• Reimbursement is limited to costsharing and excepted benefits, including Tri-Care supplemental premiums.

Like the Medicare relief discussed above, this relief may have limited appeal since the TriCare incentive prohibition rules may restrict its use primarily to small employers. And, as
with the Medicare relief, if the integration criteria are not met, the arrangement would presumably violate the mandates in question, unless other relief applies. The Notice also permits an HRA that pays or reimburses medical expenses for employees covered by Tri-Care to be integrated with another group health plan offered by the employer for purposes of complying with the annual dollar limit and preventive services mandates.

Summary
Over the past 18 months the IRS has made clear its intent to severely limit the use of employer payment plans (whether HRAs, MERPs, or through the use of Section 125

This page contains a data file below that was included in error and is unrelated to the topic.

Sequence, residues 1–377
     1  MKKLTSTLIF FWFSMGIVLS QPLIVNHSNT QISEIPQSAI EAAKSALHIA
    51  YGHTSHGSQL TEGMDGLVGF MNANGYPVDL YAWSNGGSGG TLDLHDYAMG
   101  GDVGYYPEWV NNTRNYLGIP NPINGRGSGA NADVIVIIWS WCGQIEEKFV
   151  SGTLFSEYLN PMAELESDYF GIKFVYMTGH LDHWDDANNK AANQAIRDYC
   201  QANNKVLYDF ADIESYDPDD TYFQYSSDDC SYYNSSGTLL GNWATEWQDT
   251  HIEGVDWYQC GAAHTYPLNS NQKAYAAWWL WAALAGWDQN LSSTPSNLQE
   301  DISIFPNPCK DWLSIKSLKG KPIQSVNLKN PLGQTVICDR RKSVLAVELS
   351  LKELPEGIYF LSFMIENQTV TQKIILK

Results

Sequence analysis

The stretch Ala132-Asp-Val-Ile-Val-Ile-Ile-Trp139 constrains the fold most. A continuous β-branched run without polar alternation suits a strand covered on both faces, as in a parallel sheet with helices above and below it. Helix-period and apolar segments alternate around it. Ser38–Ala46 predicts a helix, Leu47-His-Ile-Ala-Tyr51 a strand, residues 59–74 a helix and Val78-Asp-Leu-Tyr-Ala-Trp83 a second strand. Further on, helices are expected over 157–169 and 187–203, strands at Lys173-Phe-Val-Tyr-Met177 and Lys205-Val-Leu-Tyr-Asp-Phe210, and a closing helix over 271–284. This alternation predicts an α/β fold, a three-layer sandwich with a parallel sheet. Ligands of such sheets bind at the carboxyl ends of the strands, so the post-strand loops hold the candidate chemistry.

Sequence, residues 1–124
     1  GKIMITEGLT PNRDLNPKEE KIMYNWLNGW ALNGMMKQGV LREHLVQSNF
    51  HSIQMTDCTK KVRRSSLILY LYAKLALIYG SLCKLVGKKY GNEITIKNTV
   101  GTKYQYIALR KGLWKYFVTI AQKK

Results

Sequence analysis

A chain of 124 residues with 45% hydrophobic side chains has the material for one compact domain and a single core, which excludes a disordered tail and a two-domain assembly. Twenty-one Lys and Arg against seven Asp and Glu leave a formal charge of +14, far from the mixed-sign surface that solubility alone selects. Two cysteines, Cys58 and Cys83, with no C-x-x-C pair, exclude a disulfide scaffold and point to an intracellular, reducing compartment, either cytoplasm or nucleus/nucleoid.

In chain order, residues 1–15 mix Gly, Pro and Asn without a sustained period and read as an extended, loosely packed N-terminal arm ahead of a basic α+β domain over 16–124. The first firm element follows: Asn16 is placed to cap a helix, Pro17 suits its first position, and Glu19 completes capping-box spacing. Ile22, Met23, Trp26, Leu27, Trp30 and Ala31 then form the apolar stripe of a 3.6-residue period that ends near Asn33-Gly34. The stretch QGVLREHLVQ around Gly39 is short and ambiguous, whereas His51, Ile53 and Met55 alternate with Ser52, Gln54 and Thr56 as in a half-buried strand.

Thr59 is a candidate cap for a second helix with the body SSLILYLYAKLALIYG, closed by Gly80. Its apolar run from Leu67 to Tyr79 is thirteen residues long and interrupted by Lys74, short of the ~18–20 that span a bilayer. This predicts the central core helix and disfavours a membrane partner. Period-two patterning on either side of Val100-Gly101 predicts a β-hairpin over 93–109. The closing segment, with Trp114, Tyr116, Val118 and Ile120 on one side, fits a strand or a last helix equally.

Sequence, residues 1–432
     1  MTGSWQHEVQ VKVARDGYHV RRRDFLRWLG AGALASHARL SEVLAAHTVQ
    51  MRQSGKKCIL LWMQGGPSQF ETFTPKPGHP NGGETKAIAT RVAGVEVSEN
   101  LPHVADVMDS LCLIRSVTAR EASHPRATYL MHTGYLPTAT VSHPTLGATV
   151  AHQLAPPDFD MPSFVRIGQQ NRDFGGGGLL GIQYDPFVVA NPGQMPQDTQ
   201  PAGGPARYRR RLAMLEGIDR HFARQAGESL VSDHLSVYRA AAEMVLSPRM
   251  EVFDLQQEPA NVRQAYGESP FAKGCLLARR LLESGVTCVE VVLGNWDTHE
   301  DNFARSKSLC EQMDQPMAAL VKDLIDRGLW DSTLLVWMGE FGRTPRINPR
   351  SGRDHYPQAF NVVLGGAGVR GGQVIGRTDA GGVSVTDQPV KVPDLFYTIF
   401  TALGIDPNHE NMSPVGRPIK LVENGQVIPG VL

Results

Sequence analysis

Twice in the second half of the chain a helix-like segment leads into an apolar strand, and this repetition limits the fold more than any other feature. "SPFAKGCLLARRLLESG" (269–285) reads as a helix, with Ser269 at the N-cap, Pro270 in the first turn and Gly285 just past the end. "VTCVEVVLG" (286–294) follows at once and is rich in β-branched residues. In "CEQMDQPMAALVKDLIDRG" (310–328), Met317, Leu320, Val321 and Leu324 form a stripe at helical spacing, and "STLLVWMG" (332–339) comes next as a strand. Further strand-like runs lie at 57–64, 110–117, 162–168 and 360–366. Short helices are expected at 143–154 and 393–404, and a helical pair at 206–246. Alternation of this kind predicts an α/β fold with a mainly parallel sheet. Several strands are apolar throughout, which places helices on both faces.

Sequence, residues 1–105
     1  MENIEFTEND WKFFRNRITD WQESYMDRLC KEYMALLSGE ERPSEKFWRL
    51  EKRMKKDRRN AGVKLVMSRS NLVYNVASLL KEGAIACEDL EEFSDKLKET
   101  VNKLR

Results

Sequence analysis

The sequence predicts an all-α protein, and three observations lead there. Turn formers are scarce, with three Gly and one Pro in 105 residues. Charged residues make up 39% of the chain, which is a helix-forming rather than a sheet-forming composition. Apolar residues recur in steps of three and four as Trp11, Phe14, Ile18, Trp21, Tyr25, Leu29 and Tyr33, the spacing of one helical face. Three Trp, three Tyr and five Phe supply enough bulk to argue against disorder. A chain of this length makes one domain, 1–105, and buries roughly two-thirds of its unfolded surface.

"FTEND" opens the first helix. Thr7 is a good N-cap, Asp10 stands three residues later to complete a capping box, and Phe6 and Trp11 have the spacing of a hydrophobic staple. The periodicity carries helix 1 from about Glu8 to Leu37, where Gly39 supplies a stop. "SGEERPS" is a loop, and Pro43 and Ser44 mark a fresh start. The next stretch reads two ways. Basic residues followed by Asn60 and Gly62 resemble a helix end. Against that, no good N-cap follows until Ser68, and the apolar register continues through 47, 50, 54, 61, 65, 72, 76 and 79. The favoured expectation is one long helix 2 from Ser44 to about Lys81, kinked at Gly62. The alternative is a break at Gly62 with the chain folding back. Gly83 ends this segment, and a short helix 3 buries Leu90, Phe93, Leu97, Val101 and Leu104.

cafeteria plans) when such plans are not integrated with another group health plan. Smaller employers (defined as those that are not ALEs) get some temporary transition relief by this new Notice, but need to seriously consider alternatives after June 30, 2015, including ceasing all reimbursements for individual premiums. While the new Notice does provide a very small loophole (whereby employers could increase the after-tax compensation of all employees without regard to whether individual health insurance premiums were paid or not), the significant penalty of $36,500 per employee per year should cause employers to be sure they comply with all of these provisions. 

Kushner & Company’s mission is to help organizations “transform the workplace”—beginning with the recognition of the leader’s vision. Our consulting and administration teams approach every opportunity with that vision in mind by learning as much as possible about the organization and industry. Our specific areas of expertise include HR Strategy, Organizational Development, and Total Rewards Consulting and Administration, including Health Care Reform (PPACA). For Your Benefit articles are provided as a service by Kushner & Company for the exclusive use of our clients and subscribers and should not be construed as legal or tax advice. If you would like to speak to someone about any of our services for your organization, please contact us at info@kushnerco.com or 800-KUSHNER, ext. 412 or visit www.kushnerco.com.